Question about ASUS P6TD DELUXE Motherboard LGA 1366 Intel X58 ATX RAID SATA Gigabit LAN (90-MIBAU0-G0EAY00Z)

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P6TD fusible resitor blown near memory P0207?

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  • joecoolvette
    joecoolvette Oct 31, 2012

    Huh. I don't see options in the Tools Menu, or the Utilities Menu, for the Asus P6TD Deluxe motherboard, for electronic component failure at board level diagnostics. P0207 looks like a Code Reader code for an automobile, to me.

  • Ronald West Oct 31, 2012

    Hello Joe, its a component failure not a failure alert like the CPU temp or fan speed; take the lid off and look at the mother board near the first DDR3 RAM socket.

  • joecoolvette
    joecoolvette Nov 01, 2012

    Sure it's not, "P0207 Injector Circuit Malfunction - Cylinder 7?" OH I'M JUST KIDDING! (Just take the lid off he says.........here, let me just pull one out of.......wow!..no wonder I couldn't sit down right!)http://www.newegg.com/Product/Product.as... Yes. I see four of them (Black- rectangular ) at the bottom of the Ram Memory slots. (Image Gallery) Fusible resistor huh? Hmmm. I would think circuit breaker, but what do I know? Fusible link maybe? Why resistor? Okay. Have you opened it up yet, or is it a sealed with epoxy unit? See if you can find a manufacturer name, or code. P0207 may be a part number, but need more info. Why did it trip, or blow? Motherboard removed follow the Circuit Traces from it. Where do they go? No not kidding. I need to know what circuit they are in, or at least what electronic components are in that circuit. Need to know what function they are for.

  • Ronald West Nov 01, 2012

    Thank you for your input Joe R West B.Eng(Hons) BSc TENG MIEE PGCE MIfL

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  • ASUS Master
  • 5,660 Answers

What a minute hold the phone here!

Those are Ferrite Iron Choke Coils.

The 'little round cans' with the Red(?) edge on top, are Solid Polymer Capacitors, going around the processor socket.

Those are Ferrite Choke Coils going around the top side of the processor socket, immediately near the copper heat pipe fins. (Black/Square shaped top, rectangular shaped body)

The choke coils, and solid capacitors are part of the Motherboard Voltage Regulator Circuit. These particular ones are for the processor.

The ones down by the Ram Memory slots are also in the Motherboard Voltage Regulator Circuit.

May be for the Ram Memory slots, but easily could also be for the expansion slots, too. (PCI-E x16, PCI-E x1, PCI, etc)

Here is more info on the Motherboard Voltage Regulator Circuit,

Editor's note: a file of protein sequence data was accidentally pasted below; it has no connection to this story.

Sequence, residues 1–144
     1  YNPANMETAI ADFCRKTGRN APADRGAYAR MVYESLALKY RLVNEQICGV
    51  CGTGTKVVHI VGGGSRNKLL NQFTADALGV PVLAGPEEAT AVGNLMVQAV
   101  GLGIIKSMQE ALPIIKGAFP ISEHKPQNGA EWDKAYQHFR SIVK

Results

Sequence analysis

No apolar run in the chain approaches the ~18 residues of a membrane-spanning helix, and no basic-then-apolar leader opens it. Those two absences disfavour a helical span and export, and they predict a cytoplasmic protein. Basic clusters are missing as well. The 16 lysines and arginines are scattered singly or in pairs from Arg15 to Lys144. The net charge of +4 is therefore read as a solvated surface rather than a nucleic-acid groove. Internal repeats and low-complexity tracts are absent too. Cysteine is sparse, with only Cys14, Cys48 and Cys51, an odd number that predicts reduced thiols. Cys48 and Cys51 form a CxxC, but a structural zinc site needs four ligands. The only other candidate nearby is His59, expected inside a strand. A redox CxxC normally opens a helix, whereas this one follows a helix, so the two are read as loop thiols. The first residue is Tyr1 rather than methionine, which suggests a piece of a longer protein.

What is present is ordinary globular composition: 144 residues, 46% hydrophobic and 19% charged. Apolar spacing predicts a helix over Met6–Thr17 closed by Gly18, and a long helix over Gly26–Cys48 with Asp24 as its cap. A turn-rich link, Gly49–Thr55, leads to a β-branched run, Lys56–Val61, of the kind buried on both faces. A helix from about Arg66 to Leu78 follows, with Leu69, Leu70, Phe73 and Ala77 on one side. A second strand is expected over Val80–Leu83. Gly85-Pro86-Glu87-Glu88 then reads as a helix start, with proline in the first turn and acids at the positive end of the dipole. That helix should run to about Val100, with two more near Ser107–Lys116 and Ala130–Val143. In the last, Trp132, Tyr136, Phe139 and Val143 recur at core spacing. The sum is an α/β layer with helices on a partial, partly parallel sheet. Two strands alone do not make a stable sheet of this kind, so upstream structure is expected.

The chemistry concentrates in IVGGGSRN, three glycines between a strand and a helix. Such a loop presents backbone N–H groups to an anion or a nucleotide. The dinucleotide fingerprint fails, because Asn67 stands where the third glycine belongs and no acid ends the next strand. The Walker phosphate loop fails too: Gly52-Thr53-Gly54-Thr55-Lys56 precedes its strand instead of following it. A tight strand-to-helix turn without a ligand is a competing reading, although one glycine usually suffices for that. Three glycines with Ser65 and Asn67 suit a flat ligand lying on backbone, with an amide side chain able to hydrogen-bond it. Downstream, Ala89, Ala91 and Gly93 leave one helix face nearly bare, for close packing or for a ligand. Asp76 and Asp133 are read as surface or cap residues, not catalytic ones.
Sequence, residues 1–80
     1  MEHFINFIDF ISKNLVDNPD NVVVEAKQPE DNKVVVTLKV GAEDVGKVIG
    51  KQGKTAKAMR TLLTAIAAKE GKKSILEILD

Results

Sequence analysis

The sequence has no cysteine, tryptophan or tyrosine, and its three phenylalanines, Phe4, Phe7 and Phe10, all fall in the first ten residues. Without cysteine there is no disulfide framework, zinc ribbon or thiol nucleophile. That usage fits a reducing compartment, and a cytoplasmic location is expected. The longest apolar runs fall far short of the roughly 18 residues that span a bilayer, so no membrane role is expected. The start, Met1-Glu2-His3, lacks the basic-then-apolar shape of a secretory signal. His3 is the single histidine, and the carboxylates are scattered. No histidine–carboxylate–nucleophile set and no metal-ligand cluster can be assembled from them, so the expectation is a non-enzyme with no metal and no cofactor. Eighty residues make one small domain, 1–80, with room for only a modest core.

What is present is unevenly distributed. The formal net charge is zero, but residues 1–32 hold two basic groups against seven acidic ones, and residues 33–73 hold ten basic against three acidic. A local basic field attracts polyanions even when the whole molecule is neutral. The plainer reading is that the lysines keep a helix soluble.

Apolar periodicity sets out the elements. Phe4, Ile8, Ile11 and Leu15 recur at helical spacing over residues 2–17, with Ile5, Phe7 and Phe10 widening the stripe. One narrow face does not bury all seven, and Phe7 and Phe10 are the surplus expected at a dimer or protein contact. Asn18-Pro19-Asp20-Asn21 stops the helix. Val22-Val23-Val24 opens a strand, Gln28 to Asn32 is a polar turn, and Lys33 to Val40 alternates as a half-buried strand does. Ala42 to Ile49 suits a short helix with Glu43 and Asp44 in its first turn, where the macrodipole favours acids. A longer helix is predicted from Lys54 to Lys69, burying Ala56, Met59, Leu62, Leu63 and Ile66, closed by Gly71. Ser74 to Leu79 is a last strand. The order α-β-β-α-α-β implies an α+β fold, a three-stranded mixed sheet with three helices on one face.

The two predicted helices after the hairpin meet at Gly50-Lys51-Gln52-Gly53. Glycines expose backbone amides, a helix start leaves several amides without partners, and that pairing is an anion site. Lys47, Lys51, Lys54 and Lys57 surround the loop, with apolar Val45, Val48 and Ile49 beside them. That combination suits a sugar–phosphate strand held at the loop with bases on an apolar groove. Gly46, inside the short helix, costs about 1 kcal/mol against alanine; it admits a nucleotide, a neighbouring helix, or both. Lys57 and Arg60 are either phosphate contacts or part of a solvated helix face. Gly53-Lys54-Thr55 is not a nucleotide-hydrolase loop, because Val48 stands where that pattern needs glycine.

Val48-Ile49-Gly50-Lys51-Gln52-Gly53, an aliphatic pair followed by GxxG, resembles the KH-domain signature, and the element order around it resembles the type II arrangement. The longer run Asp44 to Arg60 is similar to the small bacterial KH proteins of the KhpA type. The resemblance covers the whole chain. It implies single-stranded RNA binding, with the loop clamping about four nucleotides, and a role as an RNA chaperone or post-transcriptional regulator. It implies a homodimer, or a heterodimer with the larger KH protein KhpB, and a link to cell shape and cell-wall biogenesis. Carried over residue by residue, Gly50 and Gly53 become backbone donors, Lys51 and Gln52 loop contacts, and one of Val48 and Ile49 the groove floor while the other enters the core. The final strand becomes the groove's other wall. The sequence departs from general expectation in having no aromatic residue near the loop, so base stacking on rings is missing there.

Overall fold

http://www.hardwaresecrets.com/article/616

So; Are you using the correct voltage ram memory, or have you installed 'performance stuff', and had to change voltage in BIOS Setup?

More importantly,
1) Are you running a graphics card?
2) More than one?
3) Have the proper amount of power, (Wattage and 12 Volt power rail/s)
4) Proper power cables from Power Supply?

4) Same thing for the motherboard;
IF, you are using a Processor that requires a LOT of Wattage, and you are using a graphics card; are you plugging in an 8-pin EPS +12 Volt power cable into the motherboard?

The 8-pin EPS +12 Volt power cable connector, is called an EATX12V power cable connector by Asus. It's up at the top edge of the motherboard, above the top left corner of the processor socket.

Called EATX12V to keep people from confusing it with this power cable,

http://www.hardwaresecrets.com/article/616

They are NOT the same;
EATX12V, or EPS +12 Volt power cable; has FOUR Yellow wires.
A Yellow insulated wire is a 12 Volt wire. Black wires are Ground wires.

An 8-pin PCI Express power cable has THREE Yellow wires, and FIVE Black wires.

http://www.playtool.com/pages/psuconnectors/connectors.html#atx12v4

BOTH, a 4-pin ATX +12 Volt power cable, and an 8-pin EPS +12 Volt power cable; are power for the PROCESSOR.

Quad-Core, or a processor that uses this much power? 8-pin EPS +12 Volt power cable.

The MAXIMUM amount of Wattage a PCI-Express x16 slot can deliver is 75 Watts.
EACH 6-pin PCI Express power cable is capable of delivering 75 Watts.
Total of 150 Watts available for a graphics card.

An 8-pin PCI Express power cable is capable of delivering 150 Watts by itself.

Point?
Use the correct power cable IF needed for the graphics card, and the correct number of them if two are required.

Also; IF you did not have the correct power cables; AND used a power adapter cable, USE all of the required 4-pin Peripheral power cables needed, for that power adapter cable.

For example;
I have noted those who did not have TWO 4-pin Peripheral power cables, required for a 6-pin PCI Express adapter power cable.
Just one was available, and just one was used.........

!O_O!
Nope!
This will result in;
1) PCI Express x16 slot contact pins - Burn
2) Gold plated contact pins on bottom of PCI-Express graphics card -Burn
3) 6-pin PCI Express power cable connection on graphics card - Burns
4) Contact pins in connector for 6-pin PCI Express power cable - Burns

That to me could also result in damage to electronic components, in the Motherboard Voltage Regulator Circuit;

Hence -> Ferrite Iron Choke Coils

Awaiting your response,

Regards,
joecoolvette

http://www.playtool.com/pages/psuconnectors/connectors.html#peripheral

Posted on Nov 01, 2012

  • Ronald West Nov 01, 2012

    Thanks again Joe, I think Ill just buy a new motherboard.

  • joecoolvette
    joecoolvette Nov 01, 2012

    Yes. Agree with your conclusion. Thank you for the rating! Don't know that I helped with that long 'dissertation'. Lol!

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